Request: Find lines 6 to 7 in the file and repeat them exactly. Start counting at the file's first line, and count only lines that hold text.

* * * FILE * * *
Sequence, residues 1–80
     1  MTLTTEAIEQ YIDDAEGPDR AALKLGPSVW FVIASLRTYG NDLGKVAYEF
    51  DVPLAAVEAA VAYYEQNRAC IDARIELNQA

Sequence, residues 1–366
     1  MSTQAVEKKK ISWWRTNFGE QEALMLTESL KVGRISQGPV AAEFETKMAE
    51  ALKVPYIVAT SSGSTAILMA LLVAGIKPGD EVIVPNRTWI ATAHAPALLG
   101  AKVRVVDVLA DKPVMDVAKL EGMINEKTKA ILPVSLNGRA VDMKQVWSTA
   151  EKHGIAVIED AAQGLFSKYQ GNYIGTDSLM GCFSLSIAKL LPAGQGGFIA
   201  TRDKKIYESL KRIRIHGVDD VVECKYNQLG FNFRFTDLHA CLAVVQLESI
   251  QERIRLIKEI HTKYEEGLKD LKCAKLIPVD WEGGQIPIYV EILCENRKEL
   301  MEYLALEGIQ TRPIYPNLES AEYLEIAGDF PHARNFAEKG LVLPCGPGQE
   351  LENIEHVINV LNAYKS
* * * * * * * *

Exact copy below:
    51  ALKVPYIVAT SSGSTAILMA LLVAGIKPGD EVIVPNRTWI ATAHAPALLG
   101  AKVRVVDVLA DKPVMDVAKL EGMINEKTKA ILPVSLNGRA VDMKQVWSTA